What is Timbre in Music? - Definition & Examples

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  • 0:04 Timbre
  • 0:46 Harmonic Content
  • 1:19 Attack and Decay
  • 1:44 Vibrato
  • 2:35 Timbre Terms
  • 3:34 Lesson Summary
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Lesson Transcript
Instructor: Christopher Muscato

Chris has a master's degree in history and teaches at the University of Northern Colorado.

The music we hear is more than just a matter of pitch and rhythm. In this lesson, we'll explore the concept of timbre and see how it impacts the sounds that we hear.


What color is your favorite kind of music? That may sound like an odd question to ask, but it's actually a real topic of discussion. In the world of music, we often identify instruments and compositions by the types of sounds that they make. We can talk about volume/loudness, length, and duration, or pitch (the note). However, these topics aren't the same as simply asking: what's it sound like? That question is addressed by examining the timbre, sometimes called the color, of the music.

Timbre is what let's us differentiate between a trombone and a saxophone, or a flute and a human voice, which all have different sound qualities. They have different timbres, and this is what makes music a little more colorful.

Harmonic Content

So, if timbre is the unique sound produced by an instrument, then how is it created? Timbre is the product of three different factors. The first is harmonic content. When an instrument produces a sound, that sound is actually a combination of pitches, or harmonics, melded together and synthesized into a single, audible pitch. The number of harmonics, and their intensity, can greatly impact the timbre of music. This is especially true when the harmonics create an overtone, a tone that is higher than the note being produced but that can be heard resonating through it.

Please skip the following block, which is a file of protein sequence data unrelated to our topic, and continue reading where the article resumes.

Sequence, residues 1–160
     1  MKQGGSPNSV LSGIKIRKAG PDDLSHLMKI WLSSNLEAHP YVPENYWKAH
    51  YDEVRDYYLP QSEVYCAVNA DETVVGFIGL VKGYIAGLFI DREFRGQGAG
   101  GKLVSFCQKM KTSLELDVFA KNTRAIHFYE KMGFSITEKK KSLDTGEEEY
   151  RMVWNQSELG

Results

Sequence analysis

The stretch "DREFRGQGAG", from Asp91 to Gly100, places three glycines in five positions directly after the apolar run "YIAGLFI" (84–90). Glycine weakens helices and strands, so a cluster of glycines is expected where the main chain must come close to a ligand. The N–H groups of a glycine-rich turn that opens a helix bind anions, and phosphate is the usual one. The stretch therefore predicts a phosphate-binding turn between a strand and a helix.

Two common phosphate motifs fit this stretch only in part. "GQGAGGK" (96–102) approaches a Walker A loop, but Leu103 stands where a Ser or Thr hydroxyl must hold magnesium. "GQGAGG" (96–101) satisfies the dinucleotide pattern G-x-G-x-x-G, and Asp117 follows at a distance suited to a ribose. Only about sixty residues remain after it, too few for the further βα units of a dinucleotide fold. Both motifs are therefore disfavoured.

Attack and Decay

The second element of timbre is the attack and decay of the tone that affects the sound of an instrument. Imagine plucking a guitar string. It produces a loud sound, and then slowly fades away. Compare that to the way that sound both appears and recedes when you play a trumpet, or a flute, or a drum. The intensity of the attack and the nature of the sound decay both impact what that noise sounds like, helping to make it unique.


Finally, timbre is also generated by vibrato, which is a controlled pulsating of a tone. Some instruments display very little natural vibrato, while others have lots of vibrato. With some instruments, it's possible to control the vibrato, while other instruments may present more of a challenge.

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